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This page is a summary of The Tulving Company's first Chapter 11 Creditors' Meeting. I have placed a copy of the audio online here.

Note that this is NOT an official transcript. It is a summary of my interpretation of what was said. In some cases, the exact words are used. In other cases, the spoken words are paraphrased. Please refer to the audio for exactly what was said.

Unless I missed something, all words spoken were by R. Todd Neilson, the bankruptcy trustee, unless otherwise stated.

He talks about what happened starting at 11:15. He starts talking about assets at 15:40. He starts talking about me at 26:30. He talks about Hannes at 35:20. He talks about the high fees at 44:00 (and again at 52:00). He talks about clawbacks at 50:50.

Anything in italics are my comments.

0:00We've got 8 people.
2:20We'll just sit down and talk. I talked to James Wyatt, Hannes's criminal attorney. He is a competent, well known, ethical criminal lawyer.
 Prior to the class action lawsuit, people were complaining of a long waiting time to orders. It became very aggravating over time.
 There was a raid upon offices of Tulving, by the Department of Justice based out of North Carolina. They seized a number of records, but not too many of those. They seized all of the computer hard drives.
4:40They seized about 100,000 coins. I've done those raids. Grand juries are secret; it is a criminal violation if you divulge information.
5:24[An attorney representing a creditor comes in.]
5:40They had a few moments where the U.S. Attorney didn't quite understand his role, why access to records was needed.

JG: I'm confused. Before R. Todd Neilson knew about this bankruptcy, the U.S. Attorney had already told Hannes' attorney that he would receive the records with 60 days.

6:20A bookkeeper had a copy of a CD or a drive that contained accounting, we were able to get that. They have been able to access the more recent records.
7:25The AUSA (Assistant U.S. Attorney) is Kevin. Kevin said that the 100,000 coins were virtually worthless; were appraised. Mr. Neilson asked for copy of the appraisal when done. R. Todd Neilson thinks it was a quick look/answer, with formal appraisal coming in a few weeks.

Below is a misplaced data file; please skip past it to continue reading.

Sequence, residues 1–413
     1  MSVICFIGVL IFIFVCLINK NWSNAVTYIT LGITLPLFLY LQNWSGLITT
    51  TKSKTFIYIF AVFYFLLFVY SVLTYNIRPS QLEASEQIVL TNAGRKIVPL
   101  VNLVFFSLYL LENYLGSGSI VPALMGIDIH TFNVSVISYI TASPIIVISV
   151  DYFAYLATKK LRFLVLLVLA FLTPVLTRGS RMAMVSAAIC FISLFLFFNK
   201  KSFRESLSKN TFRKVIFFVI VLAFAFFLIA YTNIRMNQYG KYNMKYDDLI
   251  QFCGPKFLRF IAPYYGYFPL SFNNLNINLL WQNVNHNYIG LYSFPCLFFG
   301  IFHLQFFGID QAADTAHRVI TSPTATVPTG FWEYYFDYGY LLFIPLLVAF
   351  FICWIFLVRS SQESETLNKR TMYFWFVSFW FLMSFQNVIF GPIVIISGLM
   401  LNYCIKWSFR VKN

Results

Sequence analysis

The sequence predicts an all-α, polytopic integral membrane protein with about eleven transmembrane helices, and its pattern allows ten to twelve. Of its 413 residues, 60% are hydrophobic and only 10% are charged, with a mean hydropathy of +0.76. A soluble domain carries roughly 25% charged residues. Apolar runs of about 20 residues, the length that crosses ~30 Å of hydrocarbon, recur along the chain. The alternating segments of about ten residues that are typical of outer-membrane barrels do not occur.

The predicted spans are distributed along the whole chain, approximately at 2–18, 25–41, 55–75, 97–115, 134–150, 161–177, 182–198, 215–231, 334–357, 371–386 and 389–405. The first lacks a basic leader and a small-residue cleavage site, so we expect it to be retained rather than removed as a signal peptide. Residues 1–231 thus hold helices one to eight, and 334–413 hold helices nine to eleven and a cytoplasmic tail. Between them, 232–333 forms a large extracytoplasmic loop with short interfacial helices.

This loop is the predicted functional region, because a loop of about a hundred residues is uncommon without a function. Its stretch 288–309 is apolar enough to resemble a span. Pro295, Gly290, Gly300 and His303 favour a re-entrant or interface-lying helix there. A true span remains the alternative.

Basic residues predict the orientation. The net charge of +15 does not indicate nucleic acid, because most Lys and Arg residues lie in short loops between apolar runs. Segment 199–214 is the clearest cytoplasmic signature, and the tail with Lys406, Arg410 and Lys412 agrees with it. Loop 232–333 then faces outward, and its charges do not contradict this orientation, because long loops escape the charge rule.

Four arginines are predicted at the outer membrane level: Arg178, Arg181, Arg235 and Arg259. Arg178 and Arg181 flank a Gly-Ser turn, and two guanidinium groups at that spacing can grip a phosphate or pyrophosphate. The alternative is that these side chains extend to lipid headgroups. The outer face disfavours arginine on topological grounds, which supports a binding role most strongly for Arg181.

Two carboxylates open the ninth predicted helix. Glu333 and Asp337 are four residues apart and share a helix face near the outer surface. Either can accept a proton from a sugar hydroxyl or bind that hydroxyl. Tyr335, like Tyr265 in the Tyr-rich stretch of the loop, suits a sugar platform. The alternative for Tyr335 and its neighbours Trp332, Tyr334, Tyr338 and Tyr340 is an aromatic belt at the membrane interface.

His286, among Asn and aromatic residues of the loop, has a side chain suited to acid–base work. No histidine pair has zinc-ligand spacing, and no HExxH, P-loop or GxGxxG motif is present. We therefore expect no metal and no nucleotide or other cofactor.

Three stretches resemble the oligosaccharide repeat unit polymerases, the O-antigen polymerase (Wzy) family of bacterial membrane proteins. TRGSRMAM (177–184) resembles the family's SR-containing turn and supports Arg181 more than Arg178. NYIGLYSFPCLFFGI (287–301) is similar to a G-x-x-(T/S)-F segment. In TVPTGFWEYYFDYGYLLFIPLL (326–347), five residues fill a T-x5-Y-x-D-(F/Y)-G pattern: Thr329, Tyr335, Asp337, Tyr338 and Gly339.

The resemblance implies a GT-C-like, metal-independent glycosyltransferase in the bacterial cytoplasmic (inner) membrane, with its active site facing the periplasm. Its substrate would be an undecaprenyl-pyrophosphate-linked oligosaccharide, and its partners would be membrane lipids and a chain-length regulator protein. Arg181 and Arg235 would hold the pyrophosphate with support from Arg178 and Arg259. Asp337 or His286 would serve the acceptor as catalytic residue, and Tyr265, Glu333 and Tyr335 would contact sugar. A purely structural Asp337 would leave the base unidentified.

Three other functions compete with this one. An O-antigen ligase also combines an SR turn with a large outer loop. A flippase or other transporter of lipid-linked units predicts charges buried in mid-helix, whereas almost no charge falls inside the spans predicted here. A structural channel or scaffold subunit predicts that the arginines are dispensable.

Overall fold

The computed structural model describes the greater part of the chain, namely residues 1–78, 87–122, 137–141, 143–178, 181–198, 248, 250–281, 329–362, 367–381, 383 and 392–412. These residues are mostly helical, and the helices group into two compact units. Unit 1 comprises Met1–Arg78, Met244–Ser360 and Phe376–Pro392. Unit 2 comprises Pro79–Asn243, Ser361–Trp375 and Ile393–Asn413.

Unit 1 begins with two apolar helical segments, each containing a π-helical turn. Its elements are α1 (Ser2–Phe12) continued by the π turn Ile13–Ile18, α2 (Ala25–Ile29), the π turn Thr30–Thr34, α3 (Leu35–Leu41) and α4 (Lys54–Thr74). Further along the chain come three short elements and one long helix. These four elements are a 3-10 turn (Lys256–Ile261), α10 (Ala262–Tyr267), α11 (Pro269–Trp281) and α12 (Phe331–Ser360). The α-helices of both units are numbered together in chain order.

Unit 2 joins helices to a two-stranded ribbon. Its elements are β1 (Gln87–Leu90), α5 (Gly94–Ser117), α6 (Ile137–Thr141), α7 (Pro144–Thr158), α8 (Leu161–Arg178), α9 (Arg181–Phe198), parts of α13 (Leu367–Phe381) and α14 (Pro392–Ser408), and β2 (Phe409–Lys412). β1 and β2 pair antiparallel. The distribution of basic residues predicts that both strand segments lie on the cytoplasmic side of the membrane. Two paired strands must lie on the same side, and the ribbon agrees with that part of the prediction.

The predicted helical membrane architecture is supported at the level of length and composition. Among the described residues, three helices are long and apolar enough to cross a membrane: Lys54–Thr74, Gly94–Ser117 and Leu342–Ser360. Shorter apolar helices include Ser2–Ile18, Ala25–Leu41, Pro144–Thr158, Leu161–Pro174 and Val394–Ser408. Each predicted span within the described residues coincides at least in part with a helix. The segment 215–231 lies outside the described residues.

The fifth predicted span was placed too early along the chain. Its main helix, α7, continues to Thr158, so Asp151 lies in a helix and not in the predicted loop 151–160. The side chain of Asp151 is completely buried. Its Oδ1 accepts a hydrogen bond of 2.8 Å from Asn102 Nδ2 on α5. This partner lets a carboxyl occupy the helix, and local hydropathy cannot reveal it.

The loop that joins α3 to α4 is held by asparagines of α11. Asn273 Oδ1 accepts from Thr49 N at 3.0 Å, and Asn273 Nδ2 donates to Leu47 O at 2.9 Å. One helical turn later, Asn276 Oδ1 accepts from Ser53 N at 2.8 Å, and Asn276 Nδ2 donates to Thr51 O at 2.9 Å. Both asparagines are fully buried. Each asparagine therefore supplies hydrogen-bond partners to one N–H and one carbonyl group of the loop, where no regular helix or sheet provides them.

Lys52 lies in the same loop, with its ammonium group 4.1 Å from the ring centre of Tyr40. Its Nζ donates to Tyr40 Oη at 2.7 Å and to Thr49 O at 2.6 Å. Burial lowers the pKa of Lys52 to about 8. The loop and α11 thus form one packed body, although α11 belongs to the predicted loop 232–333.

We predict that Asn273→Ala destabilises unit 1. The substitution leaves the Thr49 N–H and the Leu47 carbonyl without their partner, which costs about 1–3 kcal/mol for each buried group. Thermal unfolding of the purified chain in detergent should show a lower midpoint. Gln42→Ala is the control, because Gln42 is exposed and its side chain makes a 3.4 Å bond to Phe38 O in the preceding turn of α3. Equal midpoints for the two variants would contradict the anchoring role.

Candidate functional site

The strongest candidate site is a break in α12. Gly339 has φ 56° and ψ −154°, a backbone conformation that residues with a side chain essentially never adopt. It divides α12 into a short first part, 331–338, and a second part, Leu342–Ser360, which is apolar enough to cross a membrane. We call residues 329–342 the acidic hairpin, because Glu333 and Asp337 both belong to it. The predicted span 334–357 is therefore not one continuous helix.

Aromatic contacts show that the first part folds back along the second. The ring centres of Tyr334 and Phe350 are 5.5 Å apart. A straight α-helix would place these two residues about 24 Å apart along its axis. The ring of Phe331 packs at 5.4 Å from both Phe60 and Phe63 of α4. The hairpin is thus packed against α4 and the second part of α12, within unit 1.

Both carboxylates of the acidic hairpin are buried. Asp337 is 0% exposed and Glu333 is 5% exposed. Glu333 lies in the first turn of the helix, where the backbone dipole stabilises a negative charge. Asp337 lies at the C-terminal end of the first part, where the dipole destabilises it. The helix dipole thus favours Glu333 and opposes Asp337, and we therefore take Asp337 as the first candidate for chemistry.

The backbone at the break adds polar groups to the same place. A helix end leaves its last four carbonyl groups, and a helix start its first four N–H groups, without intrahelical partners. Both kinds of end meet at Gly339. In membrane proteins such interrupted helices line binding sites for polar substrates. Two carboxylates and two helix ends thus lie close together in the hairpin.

8:30Kevin said 'there's just nothing there'
8:35The bookkepper and another employee said that the coins were there for years and years, and they knew they were worthless.
8:55Someone asked 'Are they not really gold?', and was concerned of the possibility that Tulving was selling fake gold.

JG: Highly unlikely. They are almost certain graded base-metal coins such as quarters

 R. Todd Neilson: "I don't know."
9:35R. Todd Neilson received communication from Hannes's attorney that said these could be worth a lot 'if handled right'.
 R. Todd Neilson said 'if that means selling to unsuspecting investors, we aren't going to handle them right.'

JG: Cute answer, but whoever buys them will try to sell them for the best price.

10:00An attorney: They could be non-bullion, with collector value, left over from tulving's rare coin days
10:30Another attorney: Are they the UCC filing coins (CFC/A-Mark)? R. Todd Neilson: "No, I do not know that."

JG: They should not be. A-Mark states that coins used as collateral are in their possession; the UCC filing refers to over 250,000 coins.

We have had an opportunity to review their records. The records show assets of coins as a negative.

11:15Let's talk about what I think happened here. This is based on a very cursory review. If you look over a period of time, there have been complaints over that entire period.

JG: Presumably he means starting around late 2011, or some point after that, not the 20 years Tulving was in operation.

There were complaints a long time ago, and action was taken against him, and there were "personal leins". Tulving couldn't meet payroll, he was told.

JG This is odd. UCC filings show no leins against Mr. Tulving, just The Tulving Company, and those started in 2008.

He was provided a personal condo, because he couldn't get income into his account, which would have been under the threat of seizure.

JG: His apartment was leased starting January, 2011.

12:30As best as we can determine, the period of time from when orders were made and served/delivered increased steadily over time. we're not sure why that is, if it was operational costs, we all know the volatility of the market, if you promised to deliver at X and it has gone down... or it goes higher, and is Y, you have to pay that increased amount. I suppose that could be an explanation.